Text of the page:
Enhancing Profitability of Retail Chains: Using the Fundamental Principles!

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What pulls down the profitability of a retail chain?

Usually retail chains enjoy mark-ups varying from 30% (grocery items, other fast moving items) to 100% (fashion items) over their payouts to the suppliers. Despite such significant mark-ups, most retail chains struggle to make profits. Most shops, in a retail chain, end up doing lower than targeted ROI.

Is it because of erroneous analysis of the potential demand or cost structure growing haywire as compared to initial estimations? With the extent of knowledge of customer profile and demographics available, market estimation cannot be way off mark. Each shop is opened by a retailer chain with proper due diligence and analysis of ROI. The initial estimation of the shop related costs (rent, manpower, electricity, etc) do not increase dramatically, to wipe out the initial estimation of the shop profits. It is also fair to assume that the shopping experience was not compromised. Other factors like proper access to shop etc were well thought out or at least immediately corrected. So the only reasons to be analysed are lower sales (than estimation) or lower net realized prices from customer.

One of the most important factor determining sales from a shop is the flow of people into the store or the footfalls. It is well established that higher footfalls is positively correlated with sales. And almost every store manages good footfalls initially due to excitement generated around the new opening. The first sign of an imminent downfall is gradually reducing footfalls.

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So the key question to answer is: why does the flow of people into the store decrease? Assuming there is no overall economic crisis in the market, one of the primary reasons for reducing footfalls are factors related to the most important attraction (asset) of the store: the merchandise.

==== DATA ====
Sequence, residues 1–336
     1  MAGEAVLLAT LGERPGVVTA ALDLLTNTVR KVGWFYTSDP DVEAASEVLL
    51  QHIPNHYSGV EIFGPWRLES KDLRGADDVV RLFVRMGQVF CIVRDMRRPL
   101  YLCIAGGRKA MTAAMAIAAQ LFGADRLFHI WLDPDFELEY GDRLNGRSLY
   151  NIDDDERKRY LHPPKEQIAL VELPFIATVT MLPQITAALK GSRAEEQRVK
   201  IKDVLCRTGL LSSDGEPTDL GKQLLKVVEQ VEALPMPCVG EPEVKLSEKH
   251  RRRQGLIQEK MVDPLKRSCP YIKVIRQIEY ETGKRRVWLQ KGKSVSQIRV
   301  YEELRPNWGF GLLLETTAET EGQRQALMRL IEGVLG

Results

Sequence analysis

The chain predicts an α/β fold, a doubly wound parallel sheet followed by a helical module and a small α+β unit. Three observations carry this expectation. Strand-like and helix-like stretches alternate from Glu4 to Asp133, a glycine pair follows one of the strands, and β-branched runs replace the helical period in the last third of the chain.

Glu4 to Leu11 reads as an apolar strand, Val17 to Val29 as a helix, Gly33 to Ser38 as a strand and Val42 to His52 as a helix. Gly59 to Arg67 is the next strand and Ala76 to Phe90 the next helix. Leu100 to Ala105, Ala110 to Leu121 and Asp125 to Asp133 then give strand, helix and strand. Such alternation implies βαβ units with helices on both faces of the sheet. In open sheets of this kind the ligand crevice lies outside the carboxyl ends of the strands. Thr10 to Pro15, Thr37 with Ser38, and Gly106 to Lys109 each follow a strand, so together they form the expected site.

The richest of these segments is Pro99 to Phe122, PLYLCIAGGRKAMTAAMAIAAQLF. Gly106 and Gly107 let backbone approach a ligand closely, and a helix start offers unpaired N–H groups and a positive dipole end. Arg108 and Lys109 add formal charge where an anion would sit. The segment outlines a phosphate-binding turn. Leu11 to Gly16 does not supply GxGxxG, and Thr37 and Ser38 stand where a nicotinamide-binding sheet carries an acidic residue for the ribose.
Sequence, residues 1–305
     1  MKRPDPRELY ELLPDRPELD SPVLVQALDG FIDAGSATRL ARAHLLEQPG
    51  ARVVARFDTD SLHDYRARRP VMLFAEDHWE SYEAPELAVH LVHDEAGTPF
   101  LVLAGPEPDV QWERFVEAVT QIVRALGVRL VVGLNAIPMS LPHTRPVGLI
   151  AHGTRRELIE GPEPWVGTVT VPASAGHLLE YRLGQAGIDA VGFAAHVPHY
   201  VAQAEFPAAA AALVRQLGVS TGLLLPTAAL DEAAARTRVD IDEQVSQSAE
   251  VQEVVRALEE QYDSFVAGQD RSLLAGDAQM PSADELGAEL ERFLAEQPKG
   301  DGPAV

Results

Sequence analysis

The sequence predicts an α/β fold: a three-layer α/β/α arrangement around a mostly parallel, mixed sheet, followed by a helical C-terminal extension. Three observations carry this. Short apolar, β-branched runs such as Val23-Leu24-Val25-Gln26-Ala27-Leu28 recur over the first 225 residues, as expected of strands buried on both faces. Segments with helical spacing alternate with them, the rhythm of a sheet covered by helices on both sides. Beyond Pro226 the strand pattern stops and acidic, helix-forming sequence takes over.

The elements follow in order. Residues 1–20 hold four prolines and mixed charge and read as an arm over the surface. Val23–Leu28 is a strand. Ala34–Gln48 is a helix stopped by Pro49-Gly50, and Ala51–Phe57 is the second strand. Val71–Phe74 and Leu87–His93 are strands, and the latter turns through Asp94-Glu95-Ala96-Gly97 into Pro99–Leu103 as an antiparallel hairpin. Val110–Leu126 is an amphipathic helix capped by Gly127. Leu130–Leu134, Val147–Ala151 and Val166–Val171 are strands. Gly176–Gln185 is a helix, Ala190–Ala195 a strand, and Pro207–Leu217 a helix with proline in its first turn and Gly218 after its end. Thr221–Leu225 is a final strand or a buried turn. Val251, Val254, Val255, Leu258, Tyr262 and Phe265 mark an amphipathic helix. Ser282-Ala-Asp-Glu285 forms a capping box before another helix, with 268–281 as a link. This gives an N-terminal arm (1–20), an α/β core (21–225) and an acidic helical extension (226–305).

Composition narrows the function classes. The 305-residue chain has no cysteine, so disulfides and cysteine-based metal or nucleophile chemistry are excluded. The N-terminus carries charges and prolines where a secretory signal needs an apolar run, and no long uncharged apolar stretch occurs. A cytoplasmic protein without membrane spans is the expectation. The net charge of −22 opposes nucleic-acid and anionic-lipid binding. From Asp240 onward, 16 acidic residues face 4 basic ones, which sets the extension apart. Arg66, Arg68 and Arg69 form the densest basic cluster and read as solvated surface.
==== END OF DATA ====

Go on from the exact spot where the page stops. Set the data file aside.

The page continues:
To understand the problem, let us differentiate two types of purchases (and stores) – one where the customer has a clear purchase list or in other words he knows what he wants (like grocery, stationary items or a white cotton shirt). Let us call this category as defined purchases. The other category is the one where list is not clear. Either because it is an impulse purchase item where availability triggers a demand (like chocolates or drinks) or the customer is only sure of buying a product category and would want to browse through a wide choice set before deciding on his or her final purchase (like high tech products and fashion items). Let us call this second category as the undefined purchases.

In the case of defined purchases, such grocery or stationary items, the customer would like to complete his or her shopping in one single visit. Unavailability of even a few items from his or her shopping list is viewed as huge inconvenience (as the customer has to make additional trips to another store). If unavailability, even if it is of different items at different times, is experienced regularly and if there is a nearby option, the chances that customer will try another store is very high. So the initial deluge of footfalls experienced during store opening starts dropping down. If a shop is real bad in availability, further deterioration is triggered by a negative word of mouth. As the customer flow decreases, the inventory turns decrease as the total inventory is held at same level as before and the sales have decreased. Lower inventory turns locks up the cash of the store. As inventory is not flowing as was expected, the limited capital/ budget (for a category) get tied up in items not selling immediately



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